The issue of young women seeking abortions deserves special attention. A series of high profile court cases (1992, the "X" case; 1997, the "C" case; 2007, the "D" case) all involved adolescents who were initially denied the right to travel for their abortions, but were ultimately allowed to do so after court intervention. The first two court cases involved two 14 year-old suicidal rape victims and the most recent, in May of this year, involved a 17 year-old emancipated minor whose pregnancy was severely deformed and deemed incompatible with life.

Regarding the latter case, the IFPA released this strongly worded statement:

"…the 17 year-old at the centre of the case should not have had to endure 10 days of protracted court proceedings to establish her right to travel for an abortion … the proceedings … delayed her access to a termination, as well as causing undue stress to a girl already dealing with the traumatic diagnosis of a lethal fetal anomaly."

IFPA, Doctors for Choice, Choice Ireland, the Alliance for Choice, and the Safe and Legal (in Ireland) Abortion Rights Campaign are all calling for the Irish government to end its denial around the reality of abortion and to finally recognize the truth: that abortion is a normal, common, necessary, and significant experience for women and girls everywhere in the country. To do otherwise is cruel and inhuman, and a blatant violation of the rights of women. Abortion can no longer remain a politically convenient invisible issue in Ireland simply because many women are able to scrape the resources together to go to England for their abortion care (and this is hardly easy or simple; many women and girls suffer undue hardship to raise the money to travel).

One of the down sides observed about Ireland's proximity to England is the safety valve this has provided to successive right-wing governments which have refused to acknowledge the critical need for safe and accessible abortion services in Ireland. It is believed that if this "escape route" to England and other countries did not exist, the horrors and consequences of illegal abortion would be far more prominent in the country.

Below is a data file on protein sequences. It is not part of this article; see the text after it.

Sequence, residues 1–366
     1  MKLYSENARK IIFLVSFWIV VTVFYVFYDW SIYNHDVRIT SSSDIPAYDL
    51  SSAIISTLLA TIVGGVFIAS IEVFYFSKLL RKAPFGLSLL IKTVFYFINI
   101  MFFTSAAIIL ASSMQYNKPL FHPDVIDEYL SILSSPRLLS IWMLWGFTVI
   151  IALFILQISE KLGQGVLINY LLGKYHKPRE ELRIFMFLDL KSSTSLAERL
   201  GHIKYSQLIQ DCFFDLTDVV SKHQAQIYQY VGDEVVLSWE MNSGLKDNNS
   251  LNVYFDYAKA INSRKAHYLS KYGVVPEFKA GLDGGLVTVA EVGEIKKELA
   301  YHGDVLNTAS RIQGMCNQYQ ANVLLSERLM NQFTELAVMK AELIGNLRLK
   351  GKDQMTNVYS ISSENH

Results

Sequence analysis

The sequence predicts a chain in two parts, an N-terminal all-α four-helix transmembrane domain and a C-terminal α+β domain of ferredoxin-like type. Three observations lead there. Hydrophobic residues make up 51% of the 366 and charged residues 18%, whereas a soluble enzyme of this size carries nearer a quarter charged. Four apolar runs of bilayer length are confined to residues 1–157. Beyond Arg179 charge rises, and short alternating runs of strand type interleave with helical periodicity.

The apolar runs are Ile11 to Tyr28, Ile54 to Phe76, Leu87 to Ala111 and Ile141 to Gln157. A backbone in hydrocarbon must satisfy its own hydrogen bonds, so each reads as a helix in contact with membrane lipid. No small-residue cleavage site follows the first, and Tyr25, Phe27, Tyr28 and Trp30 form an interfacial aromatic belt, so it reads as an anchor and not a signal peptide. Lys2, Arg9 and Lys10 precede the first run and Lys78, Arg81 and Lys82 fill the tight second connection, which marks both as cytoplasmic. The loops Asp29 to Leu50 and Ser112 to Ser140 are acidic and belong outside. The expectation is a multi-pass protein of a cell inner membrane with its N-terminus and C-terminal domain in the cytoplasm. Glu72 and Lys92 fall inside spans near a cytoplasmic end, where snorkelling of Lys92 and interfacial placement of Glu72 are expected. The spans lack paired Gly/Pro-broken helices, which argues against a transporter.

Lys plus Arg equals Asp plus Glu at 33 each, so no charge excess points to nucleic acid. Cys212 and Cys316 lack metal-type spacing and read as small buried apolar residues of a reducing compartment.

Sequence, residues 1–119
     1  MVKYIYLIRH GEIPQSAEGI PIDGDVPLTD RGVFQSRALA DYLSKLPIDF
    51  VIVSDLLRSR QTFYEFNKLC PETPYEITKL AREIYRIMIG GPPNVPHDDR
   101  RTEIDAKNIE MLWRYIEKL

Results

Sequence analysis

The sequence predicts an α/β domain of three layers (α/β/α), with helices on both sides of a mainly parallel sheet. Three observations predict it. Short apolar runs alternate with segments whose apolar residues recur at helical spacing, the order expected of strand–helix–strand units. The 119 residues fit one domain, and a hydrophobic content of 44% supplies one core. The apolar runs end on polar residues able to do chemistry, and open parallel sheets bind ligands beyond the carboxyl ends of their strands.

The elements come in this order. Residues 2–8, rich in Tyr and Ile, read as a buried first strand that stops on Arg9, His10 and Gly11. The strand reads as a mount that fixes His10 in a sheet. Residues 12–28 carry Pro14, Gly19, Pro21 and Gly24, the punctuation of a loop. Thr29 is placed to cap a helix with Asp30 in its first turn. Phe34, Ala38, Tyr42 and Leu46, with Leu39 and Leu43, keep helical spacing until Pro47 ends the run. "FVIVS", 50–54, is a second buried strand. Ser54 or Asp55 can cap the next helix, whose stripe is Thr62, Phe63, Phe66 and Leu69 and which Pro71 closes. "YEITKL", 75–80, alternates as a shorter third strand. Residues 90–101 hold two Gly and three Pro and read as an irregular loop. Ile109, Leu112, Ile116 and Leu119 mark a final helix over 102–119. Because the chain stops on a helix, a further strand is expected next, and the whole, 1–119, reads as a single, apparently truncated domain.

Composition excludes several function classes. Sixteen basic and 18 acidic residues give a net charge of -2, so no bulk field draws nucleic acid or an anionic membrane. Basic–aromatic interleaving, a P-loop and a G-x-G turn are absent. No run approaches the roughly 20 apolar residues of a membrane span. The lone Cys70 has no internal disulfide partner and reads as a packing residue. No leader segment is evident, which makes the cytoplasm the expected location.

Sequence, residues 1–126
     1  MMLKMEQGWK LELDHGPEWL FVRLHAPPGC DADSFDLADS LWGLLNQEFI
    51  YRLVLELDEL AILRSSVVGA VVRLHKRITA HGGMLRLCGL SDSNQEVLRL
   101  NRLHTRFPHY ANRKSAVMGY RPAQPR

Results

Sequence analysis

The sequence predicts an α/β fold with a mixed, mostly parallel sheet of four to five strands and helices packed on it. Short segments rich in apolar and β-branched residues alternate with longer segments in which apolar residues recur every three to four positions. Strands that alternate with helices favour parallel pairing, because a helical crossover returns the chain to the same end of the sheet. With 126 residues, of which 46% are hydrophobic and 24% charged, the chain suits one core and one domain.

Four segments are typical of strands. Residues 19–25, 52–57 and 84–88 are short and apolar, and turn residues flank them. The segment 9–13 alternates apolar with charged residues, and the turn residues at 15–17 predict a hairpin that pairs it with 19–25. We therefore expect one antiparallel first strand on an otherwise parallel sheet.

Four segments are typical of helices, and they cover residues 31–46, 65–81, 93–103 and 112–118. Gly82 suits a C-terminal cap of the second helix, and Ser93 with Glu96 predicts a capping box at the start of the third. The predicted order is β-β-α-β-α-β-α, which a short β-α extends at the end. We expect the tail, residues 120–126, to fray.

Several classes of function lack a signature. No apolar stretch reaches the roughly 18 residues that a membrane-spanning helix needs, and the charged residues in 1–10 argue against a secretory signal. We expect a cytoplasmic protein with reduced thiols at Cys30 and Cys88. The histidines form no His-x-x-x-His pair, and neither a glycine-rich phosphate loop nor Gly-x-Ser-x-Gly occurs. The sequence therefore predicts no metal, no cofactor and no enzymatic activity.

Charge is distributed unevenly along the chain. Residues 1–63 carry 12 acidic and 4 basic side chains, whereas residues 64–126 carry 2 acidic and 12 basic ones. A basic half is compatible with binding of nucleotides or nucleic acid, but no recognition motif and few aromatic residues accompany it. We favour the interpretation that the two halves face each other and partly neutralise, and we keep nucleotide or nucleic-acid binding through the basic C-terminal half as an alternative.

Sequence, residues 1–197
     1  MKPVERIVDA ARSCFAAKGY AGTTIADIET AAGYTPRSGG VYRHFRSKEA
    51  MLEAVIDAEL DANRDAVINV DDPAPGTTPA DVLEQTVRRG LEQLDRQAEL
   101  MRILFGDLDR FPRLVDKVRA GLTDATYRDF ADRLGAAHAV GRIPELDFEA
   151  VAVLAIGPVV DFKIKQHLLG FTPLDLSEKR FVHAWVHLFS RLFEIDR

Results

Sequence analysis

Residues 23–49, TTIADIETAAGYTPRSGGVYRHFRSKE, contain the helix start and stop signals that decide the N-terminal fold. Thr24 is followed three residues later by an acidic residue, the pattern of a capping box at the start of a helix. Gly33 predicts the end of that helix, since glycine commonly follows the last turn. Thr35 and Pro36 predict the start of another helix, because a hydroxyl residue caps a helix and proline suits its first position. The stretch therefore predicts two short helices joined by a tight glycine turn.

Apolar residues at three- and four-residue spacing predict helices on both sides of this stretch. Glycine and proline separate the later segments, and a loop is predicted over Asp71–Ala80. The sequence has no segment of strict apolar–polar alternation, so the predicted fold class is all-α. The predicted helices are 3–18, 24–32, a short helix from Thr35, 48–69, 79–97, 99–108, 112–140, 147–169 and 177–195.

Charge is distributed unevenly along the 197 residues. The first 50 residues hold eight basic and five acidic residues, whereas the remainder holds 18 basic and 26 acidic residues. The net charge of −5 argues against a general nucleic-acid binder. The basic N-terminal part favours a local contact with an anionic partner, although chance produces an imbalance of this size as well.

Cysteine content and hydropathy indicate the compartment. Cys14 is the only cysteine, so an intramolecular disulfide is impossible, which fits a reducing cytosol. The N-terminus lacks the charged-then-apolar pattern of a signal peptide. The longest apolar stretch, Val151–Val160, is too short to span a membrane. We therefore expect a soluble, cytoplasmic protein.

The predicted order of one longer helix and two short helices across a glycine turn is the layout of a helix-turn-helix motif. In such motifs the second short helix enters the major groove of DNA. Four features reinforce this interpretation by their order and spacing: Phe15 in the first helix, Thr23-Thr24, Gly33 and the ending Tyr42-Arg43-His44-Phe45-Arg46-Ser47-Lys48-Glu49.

As Mary Favier of Doctors for Choice passionately states:

"It is frustrating and undermining for all of the women who travel to England every year to see political groups support their right to do so, but not take the next logical step of publicly supporting abortion provision in Ireland. (But) Ireland is changing in spite of the efforts of the Catholic Church and the main political parties. This social and cultural liberation will be much faster in the next twenty years than the last twenty. With hard work and committed campaigning by pro-choice groups, it is likely that in twenty years time, there will be some form of legalized abortion in Ireland."

Twenty years seems to me like a very long time for Irish women to wait for reproductive justice and their right to safe and respectful in-country abortion care that will allow them to be able to determine the destiny of their lives. The "Make it Safe, Make it Legal Campaign: Raising Awareness, Fighting Stigma, Realizing Rights" needs to make it very clear that they want safe and legal abortion now.

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Ireland